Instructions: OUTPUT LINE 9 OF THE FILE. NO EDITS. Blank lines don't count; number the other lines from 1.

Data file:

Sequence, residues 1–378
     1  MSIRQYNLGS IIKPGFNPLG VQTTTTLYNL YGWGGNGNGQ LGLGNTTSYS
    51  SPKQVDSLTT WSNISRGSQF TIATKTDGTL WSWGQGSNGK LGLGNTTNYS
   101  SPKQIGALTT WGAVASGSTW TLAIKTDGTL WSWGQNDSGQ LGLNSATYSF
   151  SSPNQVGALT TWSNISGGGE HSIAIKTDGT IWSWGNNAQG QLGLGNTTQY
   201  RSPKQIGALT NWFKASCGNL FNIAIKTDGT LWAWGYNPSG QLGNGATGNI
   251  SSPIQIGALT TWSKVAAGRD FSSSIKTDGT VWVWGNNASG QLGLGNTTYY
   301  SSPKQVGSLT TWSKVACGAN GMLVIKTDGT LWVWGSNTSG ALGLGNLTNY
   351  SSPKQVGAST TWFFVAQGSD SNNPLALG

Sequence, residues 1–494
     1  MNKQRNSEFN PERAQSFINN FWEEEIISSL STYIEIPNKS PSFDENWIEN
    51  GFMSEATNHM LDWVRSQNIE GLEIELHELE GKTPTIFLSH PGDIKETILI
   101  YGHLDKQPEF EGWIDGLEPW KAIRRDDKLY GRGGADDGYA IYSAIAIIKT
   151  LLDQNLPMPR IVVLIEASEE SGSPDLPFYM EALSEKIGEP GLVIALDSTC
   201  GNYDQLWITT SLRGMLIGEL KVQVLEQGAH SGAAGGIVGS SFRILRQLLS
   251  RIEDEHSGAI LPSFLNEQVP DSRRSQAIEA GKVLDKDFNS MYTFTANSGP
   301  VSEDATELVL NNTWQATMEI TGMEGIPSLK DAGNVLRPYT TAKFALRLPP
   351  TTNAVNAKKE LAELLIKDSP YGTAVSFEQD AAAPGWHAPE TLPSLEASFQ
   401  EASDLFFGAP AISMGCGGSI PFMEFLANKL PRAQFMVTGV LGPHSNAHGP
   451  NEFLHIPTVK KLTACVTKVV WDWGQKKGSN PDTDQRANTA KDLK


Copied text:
   351  SSPKQVGAST TWFFVAQGSD SNNPLALG